One book I can highly recommend is Gary Keller’s ‘The millionaire real estate investor’ which focuses in detail on this topic. He has also provided some very useful excel s/sheet templates on how to calculate your ‘net worth’ and a ‘personal budget’ at his website: http://www.millionairesystems.com

    Looking forward to your next article Ben but in the meantime, why not try some natural cane sugar with your next early morning coffee?!

    Best,
    Anthony.

    • Hah – nice, Anthony. I guess you can’t judge a man by his coffee with maple syrup…

      Actually, those of us in the business for a long time generally know not to put much emphasis on Net Worth, as it is highly deceiving…The problem with Net Worth lies in the definition of what is an asset. As I see it, unless value is a function of income, then the resulting Net Worth means very little. A few thoughts:

      An asset is something of value that can be owned – right? Well, something can have value, but:

      1. It can earn Cash Flow
      2. Be Cash Flow neutral
      3. Be Cash Flow negative

      Many things of value, which the main-stream would classify as assets, either don’t make money, or even cost to own. These look good on the balance sheet in terms of the Net Worth, but they potentially kill people financially because they have negative impact on the income statement. Income statement is what pays for life…

      The kicker is that if we pay attention to the income statement, the balance sheet happens automatically over time 🙂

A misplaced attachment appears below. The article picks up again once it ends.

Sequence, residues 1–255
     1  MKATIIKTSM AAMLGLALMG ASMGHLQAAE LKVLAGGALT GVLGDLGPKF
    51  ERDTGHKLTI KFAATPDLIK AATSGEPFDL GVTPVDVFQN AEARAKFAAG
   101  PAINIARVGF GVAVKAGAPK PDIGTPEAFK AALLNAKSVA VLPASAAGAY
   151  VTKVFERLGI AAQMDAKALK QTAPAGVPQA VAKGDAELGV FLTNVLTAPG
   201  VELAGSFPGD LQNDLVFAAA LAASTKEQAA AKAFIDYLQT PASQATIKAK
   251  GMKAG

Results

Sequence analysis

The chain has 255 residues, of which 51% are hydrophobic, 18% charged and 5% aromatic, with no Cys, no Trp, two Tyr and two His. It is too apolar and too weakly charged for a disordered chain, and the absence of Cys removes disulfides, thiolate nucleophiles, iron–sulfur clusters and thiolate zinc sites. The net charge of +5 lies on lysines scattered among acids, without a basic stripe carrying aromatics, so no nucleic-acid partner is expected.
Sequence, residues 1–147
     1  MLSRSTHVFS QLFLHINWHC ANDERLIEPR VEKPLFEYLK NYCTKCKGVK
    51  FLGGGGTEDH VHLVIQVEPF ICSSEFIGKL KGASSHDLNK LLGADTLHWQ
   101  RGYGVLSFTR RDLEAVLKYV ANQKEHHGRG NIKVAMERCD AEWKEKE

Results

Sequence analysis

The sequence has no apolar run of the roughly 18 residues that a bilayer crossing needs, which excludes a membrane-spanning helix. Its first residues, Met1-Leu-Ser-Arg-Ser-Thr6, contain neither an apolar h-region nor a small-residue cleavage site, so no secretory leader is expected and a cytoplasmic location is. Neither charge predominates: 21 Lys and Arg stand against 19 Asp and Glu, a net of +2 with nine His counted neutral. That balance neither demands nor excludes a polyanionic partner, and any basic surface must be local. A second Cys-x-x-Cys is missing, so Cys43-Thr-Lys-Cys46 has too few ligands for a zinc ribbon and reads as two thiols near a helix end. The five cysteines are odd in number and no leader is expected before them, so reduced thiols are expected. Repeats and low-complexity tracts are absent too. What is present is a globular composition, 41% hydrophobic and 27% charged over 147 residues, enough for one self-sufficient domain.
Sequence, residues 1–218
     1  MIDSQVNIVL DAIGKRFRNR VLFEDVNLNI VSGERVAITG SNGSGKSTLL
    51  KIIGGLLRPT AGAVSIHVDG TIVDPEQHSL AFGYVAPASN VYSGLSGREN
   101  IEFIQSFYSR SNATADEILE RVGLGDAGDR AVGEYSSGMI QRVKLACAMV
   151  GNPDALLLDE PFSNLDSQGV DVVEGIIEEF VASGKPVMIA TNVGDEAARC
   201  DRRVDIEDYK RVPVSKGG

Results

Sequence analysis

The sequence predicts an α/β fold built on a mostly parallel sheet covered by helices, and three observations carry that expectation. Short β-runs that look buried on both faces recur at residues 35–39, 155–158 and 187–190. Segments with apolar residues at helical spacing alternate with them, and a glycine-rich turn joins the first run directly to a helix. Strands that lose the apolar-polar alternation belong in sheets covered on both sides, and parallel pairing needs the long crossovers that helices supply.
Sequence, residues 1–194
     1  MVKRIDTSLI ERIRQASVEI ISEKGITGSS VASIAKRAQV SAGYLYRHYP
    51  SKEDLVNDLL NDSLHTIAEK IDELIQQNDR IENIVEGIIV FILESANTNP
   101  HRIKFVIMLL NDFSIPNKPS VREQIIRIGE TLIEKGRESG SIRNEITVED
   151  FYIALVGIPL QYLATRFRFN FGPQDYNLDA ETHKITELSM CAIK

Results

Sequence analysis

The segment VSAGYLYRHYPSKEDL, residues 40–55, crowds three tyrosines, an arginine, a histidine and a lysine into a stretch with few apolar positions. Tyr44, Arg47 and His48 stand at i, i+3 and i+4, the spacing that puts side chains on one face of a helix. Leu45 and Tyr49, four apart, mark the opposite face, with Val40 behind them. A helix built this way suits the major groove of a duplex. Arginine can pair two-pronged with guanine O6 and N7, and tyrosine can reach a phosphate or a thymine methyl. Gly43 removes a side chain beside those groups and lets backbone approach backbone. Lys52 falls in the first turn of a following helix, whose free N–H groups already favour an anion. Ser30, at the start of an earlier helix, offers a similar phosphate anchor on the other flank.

Thanks so much for reading, Anthony!

      • Anthony Kaleta on

        Hey Ben – Thanks for taking the time out to provide a really useful response. Can I ask whether experienced real estate investment pro’s like yourself make a distinction between income and cash-flow? For example, when you refer to the income statement above, are you referring to cash-flow?

        Thanks again for your help Ben –

        Best,
        Anthony.

        • That’s a good question, Anthony.

          Yes – there is a difference. And NO – income doesn’t matter; Cash Flow is what this is all about.

          Income is only important in light of proportionality to CF. If, for instance, I realize that over the gamut of investments, my portfolio throws off 17.5% CF on 100% of income, then I can in broad strokes determine magnitude of income which will get me to the desired CF – in very, very broad strokes. But, that’s it for income. I focus on the cash flow…

          In fact, focusing on income can be very dangerous, since it takes your eye off the ball – psychologically, and by the numbers!

          Thank a lot, Anthony!

  4. Conor Flaherty on

    Nice article, Ben! I feel you on the 5 AM blank stare into the computer screen with the coffee going full blast. Money management is so important while owning real estate also!

  5. Ben,
    Funny thing, I woke up at 3:30 and got to reading this a little after 5:00. For something put together while still half asleep, it contains advice that everyone should understand and follow. As usual, great stuff!

  6. I enjoyed your article. I am torn about whether to start real estate investing or to wait. I have a lot of school loan debt (180K – which is normal for my career). I have a stable employment, actually just signed a contract for another year. I do a budget already and have focused on paying off all consumer debt and now only left with school debt.

    So, should someone in my similar situation continue to take pay down my debt with the extra in budget or use that money to invest in real estate and use some of the investment to pay off debt.

    • Lizina,

      I don’t know much about your situation, and as such it is difficult to offer suggestions. Having said this, your student loans are likely very inexpensive to carry in terms of interest rate, so one has to wonder whether prioritizing paying them off is the most advantageous strategy…